Posts Tagged ‘1989 Biography’

Grumbles from the Grave by Robert A. Heinlein, edited by Virginia Heinlein ~ 1989. This edition: Del Rey/Ballantine, 1989. Hardcover. 281 pages.

My rating: 7/10. What was there was fascinating; what was left out perhaps even more so.

A very brief, rather incomplete biographical introduction by Robert A. Heinlein’s third (and longest-serving) wife Virginia, followed by a collection of excerpts from letters mostly by Heinlein (with some replies); and mostly to his long-time literary agent and representative, Lurton Blassingame. This book was published after Heinlein’s death, by his specific request, apt title previously supplied. Heinlein was very aware of his own mortality and was well prepared for his own demise; he suffered from pulmonary tuberculosis in his twenties, and various related and other serious ailments dogged him for the rest of his life. (Heinlein was born in 1907, and died at the age of eighty-one in 1988 – a longer life than might have been expected, considering the severity of some of his medical episodes.)

This is decidedly a book of most interest to those already very familiar with Heinlein’s body of work. Coming to it cold, expecting to find a conventional autobiography, one would be disappointed. While some effort is made to provide references and brief descriptions of the books under discussion, the assumption seems to be that the reader is already a serious Heinlein fan.

I do not think I qualify as a truly serious fan, though I’ve read most – perhaps all? – of Heinlein’s full-length works, plus several short story collections, and have greatly enjoyed all of some of them, and some of all of them. A few, such as Door Into Summer and The Moon is a Harsh Mistress, are nostalgic favourites and frequent re-reads; I first encountered Heinlein in my high school library and found his works marvelous “escape lit” during a dark, angst-filled period of my teenage life. This said, there are things that make me a bit uneasy in every one of his stories, in particular the later “adult” novels which have a certain patronizing (not quite sure if that is the right term, perhaps “appreciatively leering” is more apt?) view of women out of context with the era of the time of writing.  There are random passages in Heinlein’s books, usually in relation to some of the female characters, which make me suddenly cringe in distaste, all of the author’s commentary about his views of “true equality” taken into consideration.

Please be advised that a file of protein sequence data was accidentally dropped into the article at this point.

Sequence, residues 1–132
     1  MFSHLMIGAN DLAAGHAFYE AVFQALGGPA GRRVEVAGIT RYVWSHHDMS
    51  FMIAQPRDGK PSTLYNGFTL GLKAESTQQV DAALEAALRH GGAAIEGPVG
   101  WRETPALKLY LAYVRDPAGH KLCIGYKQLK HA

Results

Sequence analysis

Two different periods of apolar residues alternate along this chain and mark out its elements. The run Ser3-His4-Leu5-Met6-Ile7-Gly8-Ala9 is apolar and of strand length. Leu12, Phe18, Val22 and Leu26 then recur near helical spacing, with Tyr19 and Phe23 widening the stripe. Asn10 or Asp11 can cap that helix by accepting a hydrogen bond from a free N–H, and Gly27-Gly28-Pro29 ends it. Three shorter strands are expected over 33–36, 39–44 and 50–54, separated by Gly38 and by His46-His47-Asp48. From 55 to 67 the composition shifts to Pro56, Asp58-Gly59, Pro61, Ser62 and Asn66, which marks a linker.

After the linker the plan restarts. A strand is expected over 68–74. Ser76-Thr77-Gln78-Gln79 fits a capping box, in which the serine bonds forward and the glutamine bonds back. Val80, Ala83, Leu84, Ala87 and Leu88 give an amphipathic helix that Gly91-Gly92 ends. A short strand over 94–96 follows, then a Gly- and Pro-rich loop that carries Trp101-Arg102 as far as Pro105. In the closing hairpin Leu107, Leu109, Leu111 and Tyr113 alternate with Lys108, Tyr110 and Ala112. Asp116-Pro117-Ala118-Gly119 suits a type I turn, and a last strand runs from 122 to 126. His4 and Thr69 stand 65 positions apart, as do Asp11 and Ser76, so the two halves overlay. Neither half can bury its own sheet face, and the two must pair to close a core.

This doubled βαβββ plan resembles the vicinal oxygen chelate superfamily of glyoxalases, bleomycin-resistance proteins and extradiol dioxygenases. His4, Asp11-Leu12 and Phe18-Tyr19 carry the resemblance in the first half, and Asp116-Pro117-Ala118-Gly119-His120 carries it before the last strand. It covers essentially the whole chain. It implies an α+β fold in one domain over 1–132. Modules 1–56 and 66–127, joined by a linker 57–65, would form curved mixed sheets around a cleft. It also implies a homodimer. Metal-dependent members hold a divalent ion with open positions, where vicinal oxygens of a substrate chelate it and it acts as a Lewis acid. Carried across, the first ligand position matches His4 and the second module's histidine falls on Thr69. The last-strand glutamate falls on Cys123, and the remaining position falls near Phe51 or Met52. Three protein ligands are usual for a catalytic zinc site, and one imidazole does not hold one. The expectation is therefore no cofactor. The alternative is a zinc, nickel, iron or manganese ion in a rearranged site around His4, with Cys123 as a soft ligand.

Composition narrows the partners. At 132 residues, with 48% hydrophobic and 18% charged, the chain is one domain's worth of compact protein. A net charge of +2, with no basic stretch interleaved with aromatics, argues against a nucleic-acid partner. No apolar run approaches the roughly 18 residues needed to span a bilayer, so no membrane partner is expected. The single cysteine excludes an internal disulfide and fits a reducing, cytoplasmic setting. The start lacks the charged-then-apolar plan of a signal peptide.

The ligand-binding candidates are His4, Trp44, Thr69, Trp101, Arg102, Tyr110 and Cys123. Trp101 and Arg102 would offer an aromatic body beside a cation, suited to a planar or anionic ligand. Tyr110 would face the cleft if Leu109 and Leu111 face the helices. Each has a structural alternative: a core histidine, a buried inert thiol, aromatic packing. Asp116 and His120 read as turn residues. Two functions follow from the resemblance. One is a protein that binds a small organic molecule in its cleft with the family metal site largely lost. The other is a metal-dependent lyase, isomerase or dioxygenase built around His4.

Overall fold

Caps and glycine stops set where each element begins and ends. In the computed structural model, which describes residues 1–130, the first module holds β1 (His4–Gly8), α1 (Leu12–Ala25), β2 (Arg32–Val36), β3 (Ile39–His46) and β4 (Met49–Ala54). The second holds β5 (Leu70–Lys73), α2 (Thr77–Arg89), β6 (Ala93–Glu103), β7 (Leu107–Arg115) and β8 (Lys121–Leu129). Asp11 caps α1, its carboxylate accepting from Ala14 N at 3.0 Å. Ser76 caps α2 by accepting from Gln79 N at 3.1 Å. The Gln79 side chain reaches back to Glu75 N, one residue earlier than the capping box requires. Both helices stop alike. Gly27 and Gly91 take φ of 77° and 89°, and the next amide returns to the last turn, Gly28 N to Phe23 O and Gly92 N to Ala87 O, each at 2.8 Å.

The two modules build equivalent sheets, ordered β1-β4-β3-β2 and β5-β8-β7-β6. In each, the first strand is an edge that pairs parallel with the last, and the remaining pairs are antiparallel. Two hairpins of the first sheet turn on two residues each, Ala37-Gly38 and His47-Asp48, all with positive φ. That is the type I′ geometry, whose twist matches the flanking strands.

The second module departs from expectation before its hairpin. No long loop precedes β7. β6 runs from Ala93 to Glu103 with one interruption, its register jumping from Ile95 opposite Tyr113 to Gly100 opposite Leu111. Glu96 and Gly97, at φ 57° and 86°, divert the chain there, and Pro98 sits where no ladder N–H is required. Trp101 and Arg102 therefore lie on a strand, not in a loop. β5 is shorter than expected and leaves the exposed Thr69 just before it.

Heinlein makes no apology for his personal views, which I can best describe as far right-wing with sudden dashes of liberalism when least expected. When he starts to politically pontificate in his books, my eyes glaze over and I scan ahead until we get back to the story at hand; Heinlein himself offers something of an apology for letting himself go on occasion, but his self-awareness of this tendency didn’t stop him from doing it time after time.

It was quite interesting to discover something of the background of some of the best-known novels which I am very familiar with , as well as some of the more obscure juveniles and the vast amount of short stories published early in Heinlein’s career in the sci-fi “pulps” under an array of pseudonyms: Lyle Monroe, Anson MacDonald, Caleb Saunders, and John Riverside. Apparently there was a different rate scale for each of these pseudonyms as well – while “Heinlein” and “MacDonald” might receive a top rate, in 1941, of a cent and a half per word, “stinkaroos” written by “Monroe” were peddled at a lower rate. From a letter to sci-fi magazine Astounding editor John W. Campbell, Jr. in 1941:

…I have a phony name [Lyle Monroe] and a phony address, fully divorced from the RAH persona, under which and from which I am trying to peddle the three remaining stinkaroos which are left over from my earliest writing. For such purposes I prefer editors whom I do not like. It would tickle me to sell off the shoddy in that fashion. I don’t think it is dishonest – they examine what they buy and get what they pay for – but I’m damned if I’ll let my own name appear even on one of their checks.

The editorial voice of Robert’s third wife Virginia, his proofreader, assistant and sometimes-typist as well as his business and financial manager in later years, is apparent throughout. The excerpts that appear are much of a muchness; I have to wonder what was left out of this compilation? Heinlein talks of personally answering all of his fan mail in the earlier years; I would love to see a sampling of some of those early letters, before his sheer popularity made the flow of mail so great that he resorted to one-line, postcard answers.

I generally enjoyed this biography of sorts. It was a glimpse at the back story to the writing some of the novels, and a small window into the life of this passionate, opinionated and very talented writer.

This is a good addition to a shelf of Heinlein’s fiction; I will be keeping it there myself, to one day pass along to my son along with the rest of my collection of vintage sci-fi/fantasy which he has enjoyed dipping into in his own teen reading years.

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